5 of the Biggest British Sporting Scandals of All Time

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We have delved through the archives to pick out five of the biggest British scandals to rock sport.

The clock is ticking on West Brom boss Sam Allardyce's survival hopes

Sport can often prove to be controversial and divisive, with teams or players sometimes crossing the line in a bid to succeed.

We have delved through the archives to pick out five of the biggest British scandals to rock sport.

Rugby Union – Bloodgate

When you think of rugby union, the immediate thought is, quite often, of big, bruising players going head-on against each other and putting on a show in what is the archetypal Englishman’s game.

Rugby players pride themselves on the fact they don’t dive to the ground and try to feign injuries, something which is often seen in football.

However, an incident that occurred back in 2009 still lives long in the memory for the wrong reasons.

Harlequins were taking on Leinster in the quarter-final of the Heineken Cup on April 12 2009 when Quins wing Tom Williams pretended to be injured by using a fake blood capsule so another substitution could be made late in the contest.

The now 38-year-old made the error of dropping the capsule when attempting to retrieve it from his sock the first time around, something which was caught by the TV cameras, before then managing to break the capsule at the second time of asking.

Director of rugby Dean Richards, who reportedly offered Williams a pay rise to carry out the action, was handed a three-year ban, while Williams was suspended for a year, team physio Steph Brennan was banned for two years and Harlequins were fined £260,000.

Formula 1 – Spygate

Getting the edge over your opponents in Formula 1 is absolutely crucial and, for the most part, this is done in a legal way.

However, back in 2007, one of the biggest sporting scandals of all time was revealed.

McLaren were caught out in 2007 when a 780-page technical document on Ferrari’s F1 cars was found in the home of the team’s head designer Mike Coughlan, which had been passed to him by former Scuderia mechanic Nigel Stepney.

After further evidence was gained regarding phone calls between the two teams, McLaren were slapped with a whopping 100million dollar fine – the largest in sporting history – and excluded from the 2007 Constructors’ Championship.

Horse Racing – Doping scandal

Back in 2013, Mahmood Al Zarooni, the former Godolphin trainer, was at the centre of arguably the biggest scandal in the history of horse racing when he was banned for eight years for a doping scandal.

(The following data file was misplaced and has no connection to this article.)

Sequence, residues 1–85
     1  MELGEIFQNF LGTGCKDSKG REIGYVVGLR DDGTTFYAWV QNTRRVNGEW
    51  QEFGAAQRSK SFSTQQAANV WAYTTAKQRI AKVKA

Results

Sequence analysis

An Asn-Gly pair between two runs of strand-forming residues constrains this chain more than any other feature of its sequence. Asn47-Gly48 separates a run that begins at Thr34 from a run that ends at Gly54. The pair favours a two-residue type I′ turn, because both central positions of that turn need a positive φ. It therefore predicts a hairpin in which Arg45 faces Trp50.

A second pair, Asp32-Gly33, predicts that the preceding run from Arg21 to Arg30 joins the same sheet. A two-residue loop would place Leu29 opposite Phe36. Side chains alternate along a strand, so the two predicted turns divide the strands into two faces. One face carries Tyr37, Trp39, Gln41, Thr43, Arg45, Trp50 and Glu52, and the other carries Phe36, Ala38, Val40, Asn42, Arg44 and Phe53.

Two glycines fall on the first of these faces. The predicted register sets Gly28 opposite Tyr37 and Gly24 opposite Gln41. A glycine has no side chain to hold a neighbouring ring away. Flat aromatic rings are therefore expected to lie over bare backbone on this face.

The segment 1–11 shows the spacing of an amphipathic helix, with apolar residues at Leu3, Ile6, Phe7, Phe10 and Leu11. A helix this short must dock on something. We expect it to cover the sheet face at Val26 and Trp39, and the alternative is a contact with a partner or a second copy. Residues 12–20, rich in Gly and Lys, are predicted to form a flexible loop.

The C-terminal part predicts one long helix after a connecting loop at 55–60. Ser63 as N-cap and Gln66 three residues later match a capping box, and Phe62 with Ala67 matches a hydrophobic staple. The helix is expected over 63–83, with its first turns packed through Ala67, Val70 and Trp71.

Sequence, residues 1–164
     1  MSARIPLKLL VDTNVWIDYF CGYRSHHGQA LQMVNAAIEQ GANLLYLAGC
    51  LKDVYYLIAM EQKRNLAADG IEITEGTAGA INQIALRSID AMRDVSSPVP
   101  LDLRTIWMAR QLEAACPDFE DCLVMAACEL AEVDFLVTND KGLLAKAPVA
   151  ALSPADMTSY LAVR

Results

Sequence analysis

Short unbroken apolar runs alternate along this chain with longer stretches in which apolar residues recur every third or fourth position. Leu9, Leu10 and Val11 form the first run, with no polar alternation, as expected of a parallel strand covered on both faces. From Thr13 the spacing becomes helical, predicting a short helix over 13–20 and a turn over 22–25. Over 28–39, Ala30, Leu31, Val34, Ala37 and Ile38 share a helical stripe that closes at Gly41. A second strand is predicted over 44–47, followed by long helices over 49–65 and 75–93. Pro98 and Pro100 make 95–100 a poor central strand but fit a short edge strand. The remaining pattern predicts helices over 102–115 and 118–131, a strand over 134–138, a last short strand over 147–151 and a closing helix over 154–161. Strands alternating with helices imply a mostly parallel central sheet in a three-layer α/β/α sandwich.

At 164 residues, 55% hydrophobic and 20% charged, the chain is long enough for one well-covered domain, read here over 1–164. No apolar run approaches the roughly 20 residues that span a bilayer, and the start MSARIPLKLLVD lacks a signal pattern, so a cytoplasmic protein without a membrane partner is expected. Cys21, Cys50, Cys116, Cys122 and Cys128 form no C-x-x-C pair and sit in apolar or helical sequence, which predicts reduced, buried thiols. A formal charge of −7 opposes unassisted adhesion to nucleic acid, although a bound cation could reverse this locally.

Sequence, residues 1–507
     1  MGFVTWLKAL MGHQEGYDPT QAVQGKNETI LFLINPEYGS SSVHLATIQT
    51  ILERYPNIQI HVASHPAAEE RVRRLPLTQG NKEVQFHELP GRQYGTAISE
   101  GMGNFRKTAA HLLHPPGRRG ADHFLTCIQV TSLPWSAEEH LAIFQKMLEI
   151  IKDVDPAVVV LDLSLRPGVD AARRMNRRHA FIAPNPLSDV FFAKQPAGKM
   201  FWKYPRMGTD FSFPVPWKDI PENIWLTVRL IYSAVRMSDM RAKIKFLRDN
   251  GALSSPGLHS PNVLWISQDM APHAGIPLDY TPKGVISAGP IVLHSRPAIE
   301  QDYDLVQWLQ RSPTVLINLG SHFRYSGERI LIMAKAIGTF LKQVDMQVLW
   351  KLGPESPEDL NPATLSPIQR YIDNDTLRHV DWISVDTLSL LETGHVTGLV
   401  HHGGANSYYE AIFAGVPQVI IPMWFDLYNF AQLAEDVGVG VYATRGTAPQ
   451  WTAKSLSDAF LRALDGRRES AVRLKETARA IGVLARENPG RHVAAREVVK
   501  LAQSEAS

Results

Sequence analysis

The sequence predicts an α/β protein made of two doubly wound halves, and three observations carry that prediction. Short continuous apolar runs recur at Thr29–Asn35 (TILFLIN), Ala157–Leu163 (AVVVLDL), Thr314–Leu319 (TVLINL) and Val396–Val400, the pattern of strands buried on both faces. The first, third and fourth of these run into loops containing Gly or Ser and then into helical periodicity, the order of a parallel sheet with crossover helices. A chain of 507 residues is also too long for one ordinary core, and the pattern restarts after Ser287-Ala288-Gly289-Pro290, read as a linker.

Al Zarooni admitted being in breach of the rules of racing after 11 horses at Godolphin’s Moulton Paddocks Stables tested positive for a banned anabolic steroid, while he also revealed he had administered a further four horses with one of two banned substances.

He was found guilty by a BHA disciplinary panel in April 2013, with his actions described as “a very serious departure from the proper governance standards expected in horse racing”, and to “have damaged the reputation of British racing”.

Football – Match-fixing mayhem

A major scandal came to public attention in 1964 when former Scottish footballer Jimmy Gauld was involved in some high-profile match-fixing.

He sold his story to the Sunday People for £7000, incriminating three Sheffield Wednesday players – Peter Swan, Tony Kay and David Layne.

Gauld had taped conversations with the three players involved and he was sentenced to four years imprisonment for conspiracy to defraud, while he was also slapped with a £5,000 fine.

The scandal, which was dramatised in a 1997 BBC film called ‘The Fix’, resulted in all four individuals being banned from football for life by The Football Association, although Swan and Layne did have theirs lifted and returned to the Owls in 1972.

Football – English scandal

It was a dark time for English football in 2016 when Sam Allardyce, who has just been appointed manager of the national team at the time, was caught out by undercover reporters from The Daily Telegraph.

With the footage being filmed, Allardyce discussed with fictitious Asian businessmen on how to get around FIFA and FA bans on third-party ownership of football players before then making derogatory remarks about Roy Hodgson and Gary Neville.

It resulted in Allardyce being sacked from his position after just one game in charge.

A single-handicapper, James always offers an interesting insight to the world of golf, with extensive knowledge of both the US and European Tours. James also has a wealth of information about the domestic and international football scene.
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